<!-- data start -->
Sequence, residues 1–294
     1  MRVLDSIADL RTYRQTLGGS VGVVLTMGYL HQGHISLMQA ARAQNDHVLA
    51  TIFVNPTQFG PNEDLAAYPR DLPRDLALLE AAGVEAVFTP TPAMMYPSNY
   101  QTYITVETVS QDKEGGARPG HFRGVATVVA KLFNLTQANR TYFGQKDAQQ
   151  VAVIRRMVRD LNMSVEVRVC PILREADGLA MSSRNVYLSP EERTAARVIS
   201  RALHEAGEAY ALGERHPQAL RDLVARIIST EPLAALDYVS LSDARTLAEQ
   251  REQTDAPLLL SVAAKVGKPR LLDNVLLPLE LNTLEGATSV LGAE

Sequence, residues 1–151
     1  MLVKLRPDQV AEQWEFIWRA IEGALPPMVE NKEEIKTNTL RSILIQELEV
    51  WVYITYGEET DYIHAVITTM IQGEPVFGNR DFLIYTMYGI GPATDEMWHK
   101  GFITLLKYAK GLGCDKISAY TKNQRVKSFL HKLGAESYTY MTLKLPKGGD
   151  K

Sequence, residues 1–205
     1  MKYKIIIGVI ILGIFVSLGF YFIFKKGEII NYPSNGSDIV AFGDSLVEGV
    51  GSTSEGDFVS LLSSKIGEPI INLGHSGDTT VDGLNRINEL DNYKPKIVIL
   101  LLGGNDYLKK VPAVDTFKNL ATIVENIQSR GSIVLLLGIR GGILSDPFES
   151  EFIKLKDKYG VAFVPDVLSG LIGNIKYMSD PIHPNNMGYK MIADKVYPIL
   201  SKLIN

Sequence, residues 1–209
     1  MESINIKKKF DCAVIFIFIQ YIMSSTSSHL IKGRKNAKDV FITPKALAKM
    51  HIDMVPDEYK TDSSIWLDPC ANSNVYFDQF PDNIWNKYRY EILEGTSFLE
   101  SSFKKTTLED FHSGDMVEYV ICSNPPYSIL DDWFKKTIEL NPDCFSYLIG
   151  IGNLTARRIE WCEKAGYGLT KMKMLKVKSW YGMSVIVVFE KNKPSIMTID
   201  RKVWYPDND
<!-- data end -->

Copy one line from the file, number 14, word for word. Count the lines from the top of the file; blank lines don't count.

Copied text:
     1  MKYKIIIGVI ILGIFVSLGF YFIFKKGEII NYPSNGSDIV AFGDSLVEGV